Found in the Andean forests in South America, its bill is almost as long as its body (males 5.5” length with 4 inch bill /females 5.125” length with 4.5 to 4.75 inch bills). Its bill is perfectly shaped to match the particular blooms from which it drinks. Of course this adaptation comes with a price. The bird must always perch and fly with its bill held up at a steep angle, otherwise it would become unbalanced.

Hooded Pitohui (New Guinea)– Most Poisonous:
That’s right, a poisonous bird. The toxin in the pitohui’s plumage is the same neurotoxin found on the skin of poisonous frogs in South America. It’s unlikely that a predator would be killed by the bird’s toxin, but the toxin is unpleasant enough that predators will leave the bird alone.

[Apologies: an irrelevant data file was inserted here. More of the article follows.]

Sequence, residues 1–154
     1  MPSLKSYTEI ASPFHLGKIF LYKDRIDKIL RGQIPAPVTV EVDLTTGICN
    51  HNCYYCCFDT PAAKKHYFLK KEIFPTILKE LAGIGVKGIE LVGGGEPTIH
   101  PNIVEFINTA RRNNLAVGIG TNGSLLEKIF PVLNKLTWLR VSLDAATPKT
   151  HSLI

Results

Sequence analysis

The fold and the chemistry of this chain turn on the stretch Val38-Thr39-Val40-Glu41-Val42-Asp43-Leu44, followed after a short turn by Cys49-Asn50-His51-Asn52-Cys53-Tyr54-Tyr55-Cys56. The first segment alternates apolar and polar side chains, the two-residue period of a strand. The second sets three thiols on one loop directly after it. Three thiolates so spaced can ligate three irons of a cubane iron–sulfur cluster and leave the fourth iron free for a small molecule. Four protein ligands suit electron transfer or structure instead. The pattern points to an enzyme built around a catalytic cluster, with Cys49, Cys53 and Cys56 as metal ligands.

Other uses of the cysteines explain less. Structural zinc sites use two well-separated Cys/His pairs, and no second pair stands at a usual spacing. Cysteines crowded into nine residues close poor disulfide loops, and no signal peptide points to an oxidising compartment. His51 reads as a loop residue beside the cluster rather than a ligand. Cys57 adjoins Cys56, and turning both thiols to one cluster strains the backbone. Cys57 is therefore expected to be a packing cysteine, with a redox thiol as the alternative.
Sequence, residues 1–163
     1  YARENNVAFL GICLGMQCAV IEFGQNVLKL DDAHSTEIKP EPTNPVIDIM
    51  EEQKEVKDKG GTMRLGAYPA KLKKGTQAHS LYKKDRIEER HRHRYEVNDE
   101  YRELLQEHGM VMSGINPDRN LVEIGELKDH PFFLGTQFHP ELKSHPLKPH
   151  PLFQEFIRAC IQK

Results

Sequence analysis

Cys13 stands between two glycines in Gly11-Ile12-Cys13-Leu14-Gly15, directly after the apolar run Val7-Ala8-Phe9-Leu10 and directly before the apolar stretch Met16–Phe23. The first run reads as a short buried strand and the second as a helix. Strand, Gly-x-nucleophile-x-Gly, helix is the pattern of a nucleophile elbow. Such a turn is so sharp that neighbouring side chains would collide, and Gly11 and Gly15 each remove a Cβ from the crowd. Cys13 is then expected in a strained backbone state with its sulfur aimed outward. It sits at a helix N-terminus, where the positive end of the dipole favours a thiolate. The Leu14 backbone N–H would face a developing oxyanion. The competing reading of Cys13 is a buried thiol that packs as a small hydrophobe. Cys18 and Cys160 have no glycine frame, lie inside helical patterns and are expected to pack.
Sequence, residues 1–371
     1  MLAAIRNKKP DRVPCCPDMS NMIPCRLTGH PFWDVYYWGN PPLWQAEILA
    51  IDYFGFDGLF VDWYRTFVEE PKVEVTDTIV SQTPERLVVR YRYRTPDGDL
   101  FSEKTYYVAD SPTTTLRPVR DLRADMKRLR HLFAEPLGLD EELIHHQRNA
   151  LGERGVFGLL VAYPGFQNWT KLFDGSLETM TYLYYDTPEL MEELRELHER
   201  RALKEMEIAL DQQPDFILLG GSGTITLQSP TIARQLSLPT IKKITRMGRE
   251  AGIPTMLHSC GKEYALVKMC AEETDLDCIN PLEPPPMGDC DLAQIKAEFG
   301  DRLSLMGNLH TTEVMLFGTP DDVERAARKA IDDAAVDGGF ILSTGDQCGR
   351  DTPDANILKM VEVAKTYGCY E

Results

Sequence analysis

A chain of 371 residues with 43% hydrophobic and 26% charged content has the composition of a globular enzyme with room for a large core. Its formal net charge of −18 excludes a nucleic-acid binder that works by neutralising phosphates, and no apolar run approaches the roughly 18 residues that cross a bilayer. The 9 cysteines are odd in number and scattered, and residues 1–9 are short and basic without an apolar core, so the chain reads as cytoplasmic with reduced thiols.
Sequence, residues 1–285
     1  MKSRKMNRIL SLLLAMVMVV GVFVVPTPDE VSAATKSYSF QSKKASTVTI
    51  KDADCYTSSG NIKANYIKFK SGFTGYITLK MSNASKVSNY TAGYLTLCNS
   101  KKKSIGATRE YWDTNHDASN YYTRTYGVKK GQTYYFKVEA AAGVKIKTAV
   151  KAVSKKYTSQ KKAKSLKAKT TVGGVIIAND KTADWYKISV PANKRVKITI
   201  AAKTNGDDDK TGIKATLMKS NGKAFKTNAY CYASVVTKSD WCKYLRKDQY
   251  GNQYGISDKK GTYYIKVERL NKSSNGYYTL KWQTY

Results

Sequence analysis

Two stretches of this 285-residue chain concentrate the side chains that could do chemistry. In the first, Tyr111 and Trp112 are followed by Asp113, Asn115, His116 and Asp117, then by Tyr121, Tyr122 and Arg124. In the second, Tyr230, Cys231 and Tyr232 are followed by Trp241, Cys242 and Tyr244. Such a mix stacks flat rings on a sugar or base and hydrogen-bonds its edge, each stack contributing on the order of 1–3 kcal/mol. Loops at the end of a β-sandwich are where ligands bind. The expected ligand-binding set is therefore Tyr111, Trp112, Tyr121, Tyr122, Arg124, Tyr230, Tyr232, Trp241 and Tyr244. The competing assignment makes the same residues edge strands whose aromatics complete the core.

National Wildlife Federation, October / November 2009.

To Feed or Not To Feed
To stay healthy, birds must consume a mix of fats, proteins, carbohydrates and vitamins and minerals to fuel a metabolism that can require up to a whopping 10,000 calories a day (equivalent to a human consuming 155,000 calories). A bird’s inner furnace burns especially hot during flight, and the breeding season, and on the coldest days, which means the animals must make highly efficient choices about what they eat.

Even though feeders offer an abundance of food, evolutionary pressures encourage birds to continuously sample a wide variety of foods because any bird that becomes dependent on a single patch or type of food will perish if it runs out. This means you don’t have to worry that birds will become overly dependent on your feeder. A study of black-capped chickadees found that even when they have access to unlimited feeder food, these voracious seedeaters obtain 79% of their daily energy needs from a variety of wild sources.